Despite the wide array of source materials and preparation methods, PH studies have generally shown that PHs can affect mineral nutrition in plants. Results are, however, frequently inconsistent, perhaps due to differences in experimental designs, crop, methodology, environmental conditions or PH composition. The variation in responses is observed in both types of PHs (i.e. animal and plant-derived) and across a wide range of application rate/method.

Regardless of the underlying cause(s), these 'outliers' should be seriously considered (Lucini et al„ 2015; Cerdan et al., 2009; Tsouvaltzis et al., 2014).

Examples of enhancements of physiological processes from PH application are sparse and primarily limited to measurements of photosynthetic parameters such as chlorophyll concentration and quantum efficiency. PH interaction with photosynthetic parameters is not fully understood, given the variability in findings across studies, with approximately 40% of the surveyed studies finding no significant difference in chlorophyll concentration (Colla et al., 2014; Ertani et al., 2013; Grabowska et al., 2012; Lucini et al., 2015; Paradikovic et al., 2011; Rouphael et al., 2017a, 2018; Sestili et al., 2018).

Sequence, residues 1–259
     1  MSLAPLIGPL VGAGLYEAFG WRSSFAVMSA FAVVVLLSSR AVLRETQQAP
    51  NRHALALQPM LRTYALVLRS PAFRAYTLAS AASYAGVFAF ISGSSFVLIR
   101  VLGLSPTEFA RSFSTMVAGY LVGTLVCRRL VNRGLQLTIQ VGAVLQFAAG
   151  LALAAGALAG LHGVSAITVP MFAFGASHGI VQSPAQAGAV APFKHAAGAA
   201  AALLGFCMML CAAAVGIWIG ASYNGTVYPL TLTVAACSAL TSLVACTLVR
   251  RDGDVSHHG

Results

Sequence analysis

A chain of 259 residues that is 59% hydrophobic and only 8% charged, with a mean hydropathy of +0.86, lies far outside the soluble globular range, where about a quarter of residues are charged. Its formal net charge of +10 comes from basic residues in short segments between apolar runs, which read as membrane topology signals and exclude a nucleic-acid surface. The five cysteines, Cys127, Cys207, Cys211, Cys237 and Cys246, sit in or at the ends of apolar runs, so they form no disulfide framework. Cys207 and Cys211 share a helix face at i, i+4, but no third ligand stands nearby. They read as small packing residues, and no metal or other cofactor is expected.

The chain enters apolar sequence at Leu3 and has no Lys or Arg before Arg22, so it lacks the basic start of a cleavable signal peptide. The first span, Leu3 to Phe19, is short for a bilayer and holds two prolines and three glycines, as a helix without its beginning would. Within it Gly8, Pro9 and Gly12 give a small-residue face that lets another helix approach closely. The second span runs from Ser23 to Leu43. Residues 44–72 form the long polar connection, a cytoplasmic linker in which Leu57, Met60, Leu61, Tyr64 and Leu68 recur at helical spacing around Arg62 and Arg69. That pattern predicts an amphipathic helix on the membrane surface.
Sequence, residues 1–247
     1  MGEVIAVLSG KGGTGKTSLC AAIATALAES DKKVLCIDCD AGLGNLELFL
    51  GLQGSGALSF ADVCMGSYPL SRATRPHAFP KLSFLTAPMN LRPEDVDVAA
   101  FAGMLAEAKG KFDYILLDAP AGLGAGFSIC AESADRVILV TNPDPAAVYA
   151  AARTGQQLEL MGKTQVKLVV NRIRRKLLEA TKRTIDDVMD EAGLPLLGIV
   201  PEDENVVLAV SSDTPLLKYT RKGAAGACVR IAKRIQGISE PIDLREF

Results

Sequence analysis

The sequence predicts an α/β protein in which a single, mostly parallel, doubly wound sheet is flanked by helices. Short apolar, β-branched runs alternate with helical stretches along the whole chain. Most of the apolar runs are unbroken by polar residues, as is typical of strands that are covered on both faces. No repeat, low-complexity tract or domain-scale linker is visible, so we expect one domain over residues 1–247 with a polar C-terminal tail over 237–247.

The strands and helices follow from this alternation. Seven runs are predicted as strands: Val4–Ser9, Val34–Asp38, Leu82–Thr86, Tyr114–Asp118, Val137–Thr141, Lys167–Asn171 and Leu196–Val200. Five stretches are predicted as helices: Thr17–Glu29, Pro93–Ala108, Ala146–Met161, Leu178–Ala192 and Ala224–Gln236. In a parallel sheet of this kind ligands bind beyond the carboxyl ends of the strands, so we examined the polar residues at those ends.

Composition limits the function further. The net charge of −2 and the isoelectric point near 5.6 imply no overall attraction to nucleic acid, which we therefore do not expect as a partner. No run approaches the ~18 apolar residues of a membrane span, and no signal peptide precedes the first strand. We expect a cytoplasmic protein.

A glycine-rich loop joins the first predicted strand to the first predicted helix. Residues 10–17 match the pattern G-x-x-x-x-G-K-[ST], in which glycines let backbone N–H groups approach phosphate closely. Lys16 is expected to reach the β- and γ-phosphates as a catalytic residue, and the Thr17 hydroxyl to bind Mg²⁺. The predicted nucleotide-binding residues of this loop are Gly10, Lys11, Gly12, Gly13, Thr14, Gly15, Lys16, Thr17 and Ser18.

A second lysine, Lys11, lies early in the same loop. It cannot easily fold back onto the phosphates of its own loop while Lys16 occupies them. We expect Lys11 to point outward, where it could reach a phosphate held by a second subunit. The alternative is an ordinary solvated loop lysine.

Modes of action relevant to nutrient use efficiency

Direct effects of nutrient form in soils